Colour blindness

Testing for colour blindness

There are simple tests your optometrist can give you to see if you are colour blind.

The main colour blindness test is called the Ishihara colour test. This involves a circle filled with different coloured spots. There is a number “hidden” in the spots, in different colours. For example, there could be a number 3 traced out in different shades of green spots, against a background of different shades of red spots. If you aren’t colour blind, you’d easily be able to see the green ‘3’ against the red background. However, if you have red-green colour blindness, you would just see a lot of spots with no obvious pattern to them.

There are different versions of the test with different foreground and background colours, which check for different types of colour blindness.

For very young children who cannot read numbers yet, the test can be done using simple shapes instead, or by asking them to trace a path across the circle of spots.

There are basic screening checks for colour blindness which can be done online. However, if you suspect that you or your child are colour blind based on a colour vision test online, you should make an appointment with an optometrist to take a test, just to make sure the test and results are accurate.

Because colour blindness is usually genetic, it is also possible to test for it using DNA. It is possible to diagnose colour blindness in babies and toddlers using DNA before they can speak.

Colour blindness is carried on the X chromosome, which is why it is more common in men than women. A child born male only needs to inherit one X chromosome with the carrier gene to be colour blind. A female, however, would need to inherit two X chromosomes with the carrier gene.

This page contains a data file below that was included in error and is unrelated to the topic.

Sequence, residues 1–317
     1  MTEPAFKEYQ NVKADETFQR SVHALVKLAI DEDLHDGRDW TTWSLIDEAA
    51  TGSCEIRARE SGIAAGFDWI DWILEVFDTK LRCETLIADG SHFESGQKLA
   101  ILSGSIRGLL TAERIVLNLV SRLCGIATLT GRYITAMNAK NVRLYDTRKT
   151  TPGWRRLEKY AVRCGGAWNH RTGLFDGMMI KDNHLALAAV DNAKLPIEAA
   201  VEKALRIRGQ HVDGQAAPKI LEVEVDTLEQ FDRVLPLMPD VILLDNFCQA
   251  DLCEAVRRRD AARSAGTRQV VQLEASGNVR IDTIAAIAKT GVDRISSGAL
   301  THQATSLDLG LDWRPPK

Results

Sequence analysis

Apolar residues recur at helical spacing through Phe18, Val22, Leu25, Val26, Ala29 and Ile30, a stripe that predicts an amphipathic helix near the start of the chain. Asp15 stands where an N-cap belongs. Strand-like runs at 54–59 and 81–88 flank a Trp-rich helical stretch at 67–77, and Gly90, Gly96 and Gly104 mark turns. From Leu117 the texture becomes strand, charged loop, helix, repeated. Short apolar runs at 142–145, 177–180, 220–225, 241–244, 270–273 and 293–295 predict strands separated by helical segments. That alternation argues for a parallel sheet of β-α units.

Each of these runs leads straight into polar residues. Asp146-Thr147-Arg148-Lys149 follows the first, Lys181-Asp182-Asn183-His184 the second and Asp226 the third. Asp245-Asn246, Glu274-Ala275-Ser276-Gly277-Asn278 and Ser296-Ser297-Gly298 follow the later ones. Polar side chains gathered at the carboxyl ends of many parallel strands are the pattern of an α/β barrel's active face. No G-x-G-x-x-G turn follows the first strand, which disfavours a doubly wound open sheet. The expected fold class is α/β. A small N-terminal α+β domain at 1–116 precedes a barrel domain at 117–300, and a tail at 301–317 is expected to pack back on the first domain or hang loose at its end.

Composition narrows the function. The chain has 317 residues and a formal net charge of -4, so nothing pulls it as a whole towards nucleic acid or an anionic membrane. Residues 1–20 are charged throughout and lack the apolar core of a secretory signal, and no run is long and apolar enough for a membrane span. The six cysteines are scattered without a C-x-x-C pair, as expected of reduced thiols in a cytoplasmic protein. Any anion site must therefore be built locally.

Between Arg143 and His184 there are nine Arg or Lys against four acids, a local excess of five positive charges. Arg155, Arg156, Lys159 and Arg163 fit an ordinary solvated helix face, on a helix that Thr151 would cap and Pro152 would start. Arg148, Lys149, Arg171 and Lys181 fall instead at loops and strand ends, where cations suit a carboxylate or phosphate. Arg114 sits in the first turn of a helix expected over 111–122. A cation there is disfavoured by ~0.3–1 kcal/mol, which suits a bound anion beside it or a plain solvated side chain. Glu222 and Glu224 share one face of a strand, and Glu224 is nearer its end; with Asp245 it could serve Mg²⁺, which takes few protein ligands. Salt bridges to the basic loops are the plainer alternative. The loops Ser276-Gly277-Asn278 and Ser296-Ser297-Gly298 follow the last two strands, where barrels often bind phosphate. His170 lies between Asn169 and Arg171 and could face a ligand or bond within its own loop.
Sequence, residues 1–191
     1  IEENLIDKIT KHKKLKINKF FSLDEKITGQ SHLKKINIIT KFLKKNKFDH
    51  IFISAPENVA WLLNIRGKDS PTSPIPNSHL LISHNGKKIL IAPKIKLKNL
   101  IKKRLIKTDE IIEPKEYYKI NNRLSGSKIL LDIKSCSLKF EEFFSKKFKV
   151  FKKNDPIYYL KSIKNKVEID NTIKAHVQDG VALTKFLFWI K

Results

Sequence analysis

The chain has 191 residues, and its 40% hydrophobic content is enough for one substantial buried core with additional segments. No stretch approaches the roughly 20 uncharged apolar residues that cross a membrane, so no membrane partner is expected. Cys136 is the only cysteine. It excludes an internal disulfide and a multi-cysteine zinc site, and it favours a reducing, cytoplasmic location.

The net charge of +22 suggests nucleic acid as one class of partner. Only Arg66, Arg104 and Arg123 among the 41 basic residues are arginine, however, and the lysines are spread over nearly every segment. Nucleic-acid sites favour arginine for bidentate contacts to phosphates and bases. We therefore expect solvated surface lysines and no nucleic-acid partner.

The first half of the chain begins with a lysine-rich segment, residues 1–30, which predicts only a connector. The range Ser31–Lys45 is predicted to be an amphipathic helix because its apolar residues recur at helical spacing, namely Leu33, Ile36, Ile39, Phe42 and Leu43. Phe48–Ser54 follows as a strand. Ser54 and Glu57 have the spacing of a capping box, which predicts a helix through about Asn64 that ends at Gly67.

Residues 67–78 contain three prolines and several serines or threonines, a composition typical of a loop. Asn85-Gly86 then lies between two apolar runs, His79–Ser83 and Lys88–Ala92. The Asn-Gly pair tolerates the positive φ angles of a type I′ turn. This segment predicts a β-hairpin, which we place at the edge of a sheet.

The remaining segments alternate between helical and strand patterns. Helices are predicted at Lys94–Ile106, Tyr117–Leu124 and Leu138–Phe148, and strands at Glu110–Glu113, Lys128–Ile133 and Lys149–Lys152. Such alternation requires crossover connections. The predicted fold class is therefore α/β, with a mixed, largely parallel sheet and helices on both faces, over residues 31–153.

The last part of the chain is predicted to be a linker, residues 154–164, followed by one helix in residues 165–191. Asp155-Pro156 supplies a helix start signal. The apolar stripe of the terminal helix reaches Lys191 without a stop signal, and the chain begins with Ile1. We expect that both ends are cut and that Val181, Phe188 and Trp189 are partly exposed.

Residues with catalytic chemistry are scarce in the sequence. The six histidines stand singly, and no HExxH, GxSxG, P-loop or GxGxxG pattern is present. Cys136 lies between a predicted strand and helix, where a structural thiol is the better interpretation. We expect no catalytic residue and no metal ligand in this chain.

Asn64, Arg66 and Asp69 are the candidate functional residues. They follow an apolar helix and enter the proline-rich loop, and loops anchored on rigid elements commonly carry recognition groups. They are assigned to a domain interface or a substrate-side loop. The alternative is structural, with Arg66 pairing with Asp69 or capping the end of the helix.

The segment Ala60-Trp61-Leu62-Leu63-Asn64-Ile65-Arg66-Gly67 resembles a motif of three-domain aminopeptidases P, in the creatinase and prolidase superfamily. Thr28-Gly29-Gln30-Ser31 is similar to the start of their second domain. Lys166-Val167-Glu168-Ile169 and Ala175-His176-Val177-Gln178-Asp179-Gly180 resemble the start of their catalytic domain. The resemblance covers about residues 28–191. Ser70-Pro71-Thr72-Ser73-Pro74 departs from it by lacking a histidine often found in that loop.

Living with colour blindness

Unfortunately, colour blindness is a lifelong condition and there is no cure. However, you can still adapt and go on with your everyday life, even with the condition.

Many people live their entire lives without realising they are colour blind. However, it can affect our everyday lives sometimes. If you are living with colour blindness, you may struggle to read information signs and warning signs that rely on colour coding. You may also find it harder to tell when fruit is ripe or when meat is cooked. Colour-blind children can struggle in the classroom if teaching materials are colour-coded, so teachers should be made aware of this and adapt the materials.

If you’re colour blind, different colours may appear as just subtle differences in shading. Good quality indoor lighting can make it easier to distinguish them. Special lenses are also available, which can help you to distinguish better between red and green.

If possible, try to ask somebody such as a friend or family member for help when checking that food is safe to eat, or with choosing clothing. If this isn’t possible, there are mobile phone apps that you can use to identify colours, and many websites have accessibility settings to make them more usable for colour-blind people.

Often, colour blindness does not significantly affect our lives, but finding out about a colour vision defect early in life means you can adapt quicker. This includes help with making classroom adaptions, career choices and other lifestyle adaptions before they become problematic.


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